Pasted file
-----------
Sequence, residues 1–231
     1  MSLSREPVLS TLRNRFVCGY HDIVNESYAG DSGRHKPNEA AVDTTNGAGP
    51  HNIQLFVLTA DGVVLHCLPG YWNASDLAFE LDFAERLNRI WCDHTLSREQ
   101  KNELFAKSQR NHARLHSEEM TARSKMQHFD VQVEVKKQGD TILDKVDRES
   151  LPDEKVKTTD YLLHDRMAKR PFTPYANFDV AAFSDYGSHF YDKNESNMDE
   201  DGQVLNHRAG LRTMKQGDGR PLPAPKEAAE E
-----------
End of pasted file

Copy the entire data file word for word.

Sequence, residues 1–231
     1  MSLSREPVLS TLRNRFVCGY HDIVNESYAG DSGRHKPNEA AVDTTNGAGP
    51  HNIQLFVLTA DGVVLHCLPG YWNASDLAFE LDFAERLNRI WCDHTLSREQ
   101  KNELFAKSQR NHARLHSEEM TARSKMQHFD VQVEVKKQGD TILDKVDRES
   151  LPDEKVKTTD YLLHDRMAKR PFTPYANFDV AAFSDYGSHF YDKNESNMDE
   201  DGQVLNHRAG LRTMKQGDGR PLPAPKEAAE E